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The Diary of Anne Ku


29 May 2000 bank holiday Monday

Although my brother is much younger than I, every time I talk to him nowadays - he sounds like my father and mother combined and multiplied ten-fold.  Since when did the youngest in the family shoulder the responsibility of ensuring that the rest of us are in line with what's expected of us?

I wrote a poem in 1995 in protest of having to figure out what I want.  Entitled WANT, it reflects my dilemma of having to decide what I want to do - after finally fulfilling what I thought was expected of me.  We spend our entire lives figuring out what other people want.   Since we seek their approval, in particular our parents' approval, we are eager to please.  Sometimes we end up doing what we think they think we think they want us to do.  The circularity of it makes this whole business of doing what's expected even more bizarre.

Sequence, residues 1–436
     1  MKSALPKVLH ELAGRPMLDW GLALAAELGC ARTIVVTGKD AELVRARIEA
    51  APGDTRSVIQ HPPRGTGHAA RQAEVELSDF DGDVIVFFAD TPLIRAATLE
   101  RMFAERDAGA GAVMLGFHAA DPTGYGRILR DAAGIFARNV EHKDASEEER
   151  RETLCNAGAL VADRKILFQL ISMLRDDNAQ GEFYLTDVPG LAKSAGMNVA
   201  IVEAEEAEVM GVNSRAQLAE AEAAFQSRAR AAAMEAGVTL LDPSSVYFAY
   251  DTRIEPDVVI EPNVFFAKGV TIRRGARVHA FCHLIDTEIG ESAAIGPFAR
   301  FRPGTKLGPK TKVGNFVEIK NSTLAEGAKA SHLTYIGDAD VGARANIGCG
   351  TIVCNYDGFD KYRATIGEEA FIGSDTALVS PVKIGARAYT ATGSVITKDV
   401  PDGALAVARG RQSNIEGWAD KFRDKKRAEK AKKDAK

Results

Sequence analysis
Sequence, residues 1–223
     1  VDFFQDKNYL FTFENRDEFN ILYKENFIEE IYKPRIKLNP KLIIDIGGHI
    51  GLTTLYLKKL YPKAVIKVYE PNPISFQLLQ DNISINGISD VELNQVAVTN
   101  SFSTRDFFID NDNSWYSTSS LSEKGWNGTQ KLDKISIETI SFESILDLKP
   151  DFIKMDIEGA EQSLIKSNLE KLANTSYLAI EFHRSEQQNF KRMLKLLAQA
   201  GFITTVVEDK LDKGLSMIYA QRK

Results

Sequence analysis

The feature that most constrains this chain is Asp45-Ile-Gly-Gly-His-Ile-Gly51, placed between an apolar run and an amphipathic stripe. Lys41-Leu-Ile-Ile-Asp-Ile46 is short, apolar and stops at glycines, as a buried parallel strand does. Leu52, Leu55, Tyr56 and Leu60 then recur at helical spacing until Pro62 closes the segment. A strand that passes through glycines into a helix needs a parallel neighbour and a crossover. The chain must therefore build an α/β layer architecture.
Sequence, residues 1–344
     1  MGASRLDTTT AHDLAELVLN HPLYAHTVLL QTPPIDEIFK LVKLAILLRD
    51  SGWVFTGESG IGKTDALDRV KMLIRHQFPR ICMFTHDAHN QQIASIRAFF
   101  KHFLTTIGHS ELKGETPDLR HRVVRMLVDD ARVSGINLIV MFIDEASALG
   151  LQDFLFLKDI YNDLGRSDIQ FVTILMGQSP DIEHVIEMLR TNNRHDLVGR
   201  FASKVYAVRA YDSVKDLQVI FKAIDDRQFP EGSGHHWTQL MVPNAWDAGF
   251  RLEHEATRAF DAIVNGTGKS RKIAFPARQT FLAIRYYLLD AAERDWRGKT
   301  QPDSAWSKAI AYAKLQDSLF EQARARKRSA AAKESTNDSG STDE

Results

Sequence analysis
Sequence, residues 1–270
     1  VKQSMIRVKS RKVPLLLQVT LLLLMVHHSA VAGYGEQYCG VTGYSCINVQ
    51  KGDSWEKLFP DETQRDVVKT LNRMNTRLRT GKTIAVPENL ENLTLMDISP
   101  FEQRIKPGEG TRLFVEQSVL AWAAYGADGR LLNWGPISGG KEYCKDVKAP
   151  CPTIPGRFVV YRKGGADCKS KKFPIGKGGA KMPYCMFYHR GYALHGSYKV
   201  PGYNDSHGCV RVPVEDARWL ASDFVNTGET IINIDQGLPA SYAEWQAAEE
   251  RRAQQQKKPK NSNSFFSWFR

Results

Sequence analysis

When I visit my non-Chinese friends with children, I see that they always ask them, "What do you want?  Which colour socks do you want to wear today?"  They patiently wait for them to answer.  I don't remember such a conversation in my childhood.  Chinese children are taught to obey.  The famous Chinese saying "if you don't hit a child, he will never be obedient" proves this point.  I was lucky enough never to have been beaten or even slapped.  Perhaps, that's why I have always been a nonconformist.  It was easier to rebel against what I think other people want than to figure out what I truly wanted.

Maybe that's why my younger brother has become the BIG BROTHER watching over me.